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Olympic Stadium Design Lacks Flame

Friday, March 11, 2016

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The Tokyo Olympic Stadium has sparked media attention once again.

Numerous reports say architect Kengo Kuma’s design for the new National Stadium fails to incorporate a cauldron for the iconic Olympic flame.

However, organizers for Tokyo’s 2020 Olympic Games have told media outlets that the flame was not “forgotten.” They have insisted they were keeping its location a surprise, reports relate.

Either way, a special team has been tasked with determining the best place for the Olympic symbol by an April deadline, reports say.

“The reviewing team is already working on it, and once the direction is there, I’ll deal with it accordingly,” Kuma told the Japanese press. “There are various methods (to set it up), so there’s no need to worry.”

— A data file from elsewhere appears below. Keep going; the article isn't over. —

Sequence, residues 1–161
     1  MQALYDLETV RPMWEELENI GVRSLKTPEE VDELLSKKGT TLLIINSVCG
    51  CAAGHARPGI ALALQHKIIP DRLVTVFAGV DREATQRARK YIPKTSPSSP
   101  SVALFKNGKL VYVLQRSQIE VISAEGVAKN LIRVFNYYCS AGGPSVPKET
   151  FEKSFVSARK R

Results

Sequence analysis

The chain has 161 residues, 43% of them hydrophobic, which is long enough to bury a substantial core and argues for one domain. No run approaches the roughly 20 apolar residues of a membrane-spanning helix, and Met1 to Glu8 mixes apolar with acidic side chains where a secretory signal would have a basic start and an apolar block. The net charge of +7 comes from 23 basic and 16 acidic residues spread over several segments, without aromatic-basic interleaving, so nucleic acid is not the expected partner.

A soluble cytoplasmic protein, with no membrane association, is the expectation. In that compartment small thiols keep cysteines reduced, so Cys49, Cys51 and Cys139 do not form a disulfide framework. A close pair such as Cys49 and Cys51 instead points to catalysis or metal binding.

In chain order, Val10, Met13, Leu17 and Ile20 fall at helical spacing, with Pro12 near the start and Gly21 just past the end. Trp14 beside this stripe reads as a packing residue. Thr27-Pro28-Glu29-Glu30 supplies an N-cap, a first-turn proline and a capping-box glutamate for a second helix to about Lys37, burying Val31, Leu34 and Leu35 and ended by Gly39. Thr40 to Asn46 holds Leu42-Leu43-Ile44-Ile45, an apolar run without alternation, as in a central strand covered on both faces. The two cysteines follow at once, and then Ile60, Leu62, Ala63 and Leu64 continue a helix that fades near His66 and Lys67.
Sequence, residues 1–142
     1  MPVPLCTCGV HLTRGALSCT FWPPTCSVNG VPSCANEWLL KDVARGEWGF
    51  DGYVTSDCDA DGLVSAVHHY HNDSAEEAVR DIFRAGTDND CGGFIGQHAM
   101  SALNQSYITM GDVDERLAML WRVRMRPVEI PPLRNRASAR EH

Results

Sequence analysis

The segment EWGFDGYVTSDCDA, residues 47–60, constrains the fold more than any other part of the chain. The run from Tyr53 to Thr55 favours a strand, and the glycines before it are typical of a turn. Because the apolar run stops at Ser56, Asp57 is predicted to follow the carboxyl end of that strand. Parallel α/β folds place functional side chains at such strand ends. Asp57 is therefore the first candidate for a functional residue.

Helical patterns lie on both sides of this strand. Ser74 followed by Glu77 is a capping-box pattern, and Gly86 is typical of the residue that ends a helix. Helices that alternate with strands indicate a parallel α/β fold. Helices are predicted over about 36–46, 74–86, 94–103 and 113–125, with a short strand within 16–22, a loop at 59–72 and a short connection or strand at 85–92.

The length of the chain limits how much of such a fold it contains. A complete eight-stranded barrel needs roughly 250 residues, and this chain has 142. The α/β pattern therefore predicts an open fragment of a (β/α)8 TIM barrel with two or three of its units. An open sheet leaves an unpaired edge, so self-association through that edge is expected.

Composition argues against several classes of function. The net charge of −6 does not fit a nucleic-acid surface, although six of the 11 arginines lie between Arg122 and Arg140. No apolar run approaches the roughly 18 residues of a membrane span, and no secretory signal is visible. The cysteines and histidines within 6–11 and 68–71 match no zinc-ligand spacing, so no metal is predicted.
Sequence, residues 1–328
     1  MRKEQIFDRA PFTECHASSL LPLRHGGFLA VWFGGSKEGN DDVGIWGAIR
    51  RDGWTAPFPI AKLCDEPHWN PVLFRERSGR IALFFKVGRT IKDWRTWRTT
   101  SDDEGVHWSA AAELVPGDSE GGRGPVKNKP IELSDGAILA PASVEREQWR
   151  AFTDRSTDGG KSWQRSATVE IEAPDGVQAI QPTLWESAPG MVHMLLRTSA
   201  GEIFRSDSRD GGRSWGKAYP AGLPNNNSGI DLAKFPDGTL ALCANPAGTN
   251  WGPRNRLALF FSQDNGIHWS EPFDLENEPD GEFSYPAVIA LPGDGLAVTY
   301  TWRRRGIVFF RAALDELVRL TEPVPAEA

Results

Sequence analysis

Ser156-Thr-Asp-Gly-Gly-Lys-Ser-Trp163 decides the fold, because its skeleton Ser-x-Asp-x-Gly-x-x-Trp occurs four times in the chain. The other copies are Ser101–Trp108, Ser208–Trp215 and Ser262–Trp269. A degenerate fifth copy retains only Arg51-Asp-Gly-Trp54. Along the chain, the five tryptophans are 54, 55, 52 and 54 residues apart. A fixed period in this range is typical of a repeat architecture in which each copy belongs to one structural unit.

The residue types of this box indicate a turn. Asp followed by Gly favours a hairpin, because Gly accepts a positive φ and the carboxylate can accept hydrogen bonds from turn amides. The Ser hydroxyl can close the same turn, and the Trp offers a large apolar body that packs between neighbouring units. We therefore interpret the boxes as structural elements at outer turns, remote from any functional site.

Kuma also downplayed concerns about the flame’s location in his wood design, the Japan Times reported. He said he would be requesting that the country’s fire service code be lifted so long as the flame was in a safe spot.

“The edge of the roof is made of iron, so a fire will not spread," he added, according to the Japan Times.

The stadium is no stranger to controversy. An original 252 billion yen ($1.9 billion) design for the venue, by Zaha Hadid Architects, was scrapped last year over cost issues.


Tagged categories: Aesthetics; Architects; Architecture; Building codes; Design; Designers; Stadiums/Sports Facilities

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